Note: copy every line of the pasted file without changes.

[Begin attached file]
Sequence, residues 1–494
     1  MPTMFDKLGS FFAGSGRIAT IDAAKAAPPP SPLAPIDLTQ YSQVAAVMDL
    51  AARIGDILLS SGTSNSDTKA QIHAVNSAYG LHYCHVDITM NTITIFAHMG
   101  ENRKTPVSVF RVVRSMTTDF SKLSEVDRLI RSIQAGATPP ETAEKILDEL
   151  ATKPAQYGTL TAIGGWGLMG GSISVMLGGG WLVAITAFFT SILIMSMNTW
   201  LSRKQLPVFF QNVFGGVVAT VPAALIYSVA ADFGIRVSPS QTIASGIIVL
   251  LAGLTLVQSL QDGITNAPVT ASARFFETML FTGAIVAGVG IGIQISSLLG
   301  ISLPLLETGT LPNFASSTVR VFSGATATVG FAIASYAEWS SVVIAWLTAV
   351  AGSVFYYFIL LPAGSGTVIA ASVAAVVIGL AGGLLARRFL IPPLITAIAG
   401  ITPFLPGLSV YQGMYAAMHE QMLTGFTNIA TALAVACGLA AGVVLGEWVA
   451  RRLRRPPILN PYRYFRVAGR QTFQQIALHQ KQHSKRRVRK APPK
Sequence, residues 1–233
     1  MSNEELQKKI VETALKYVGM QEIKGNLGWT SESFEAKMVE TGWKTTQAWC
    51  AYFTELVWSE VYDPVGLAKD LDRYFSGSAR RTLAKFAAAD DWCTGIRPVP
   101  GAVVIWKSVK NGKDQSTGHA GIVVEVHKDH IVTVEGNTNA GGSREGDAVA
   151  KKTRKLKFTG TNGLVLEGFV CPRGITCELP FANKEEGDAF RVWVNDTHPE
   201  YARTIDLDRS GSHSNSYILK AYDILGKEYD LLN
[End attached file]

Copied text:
Sequence, residues 1–494
     1  MPTMFDKLGS FFAGSGRIAT IDAAKAAPPP SPLAPIDLTQ YSQVAAVMDL
    51  AARIGDILLS SGTSNSDTKA QIHAVNSAYG LHYCHVDITM NTITIFAHMG
   101  ENRKTPVSVF RVVRSMTTDF SKLSEVDRLI RSIQAGATPP ETAEKILDEL
   151  ATKPAQYGTL TAIGGWGLMG GSISVMLGGG WLVAITAFFT SILIMSMNTW
   201  LSRKQLPVFF QNVFGGVVAT VPAALIYSVA ADFGIRVSPS QTIASGIIVL
   251  LAGLTLVQSL QDGITNAPVT ASARFFETML FTGAIVAGVG IGIQISSLLG
   301  ISLPLLETGT LPNFASSTVR VFSGATATVG FAIASYAEWS SVVIAWLTAV
   351  AGSVFYYFIL LPAGSGTVIA ASVAAVVIGL AGGLLARRFL IPPLITAIAG
   401  ITPFLPGLSV YQGMYAAMHE QMLTGFTNIA TALAVACGLA AGVVLGEWVA
   451  RRLRRPPILN PYRYFRVAGR QTFQQIALHQ KQHSKRRVRK APPK
Sequence, residues 1–233
     1  MSNEELQKKI VETALKYVGM QEIKGNLGWT SESFEAKMVE TGWKTTQAWC
    51  AYFTELVWSE VYDPVGLAKD LDRYFSGSAR RTLAKFAAAD DWCTGIRPVP
   101  GAVVIWKSVK NGKDQSTGHA GIVVEVHKDH IVTVEGNTNA GGSREGDAVA
   151  KKTRKLKFTG TNGLVLEGFV CPRGITCELP FANKEEGDAF RVWVNDTHPE
   201  YARTIDLDRS GSHSNSYILK AYDILGKEYD LLN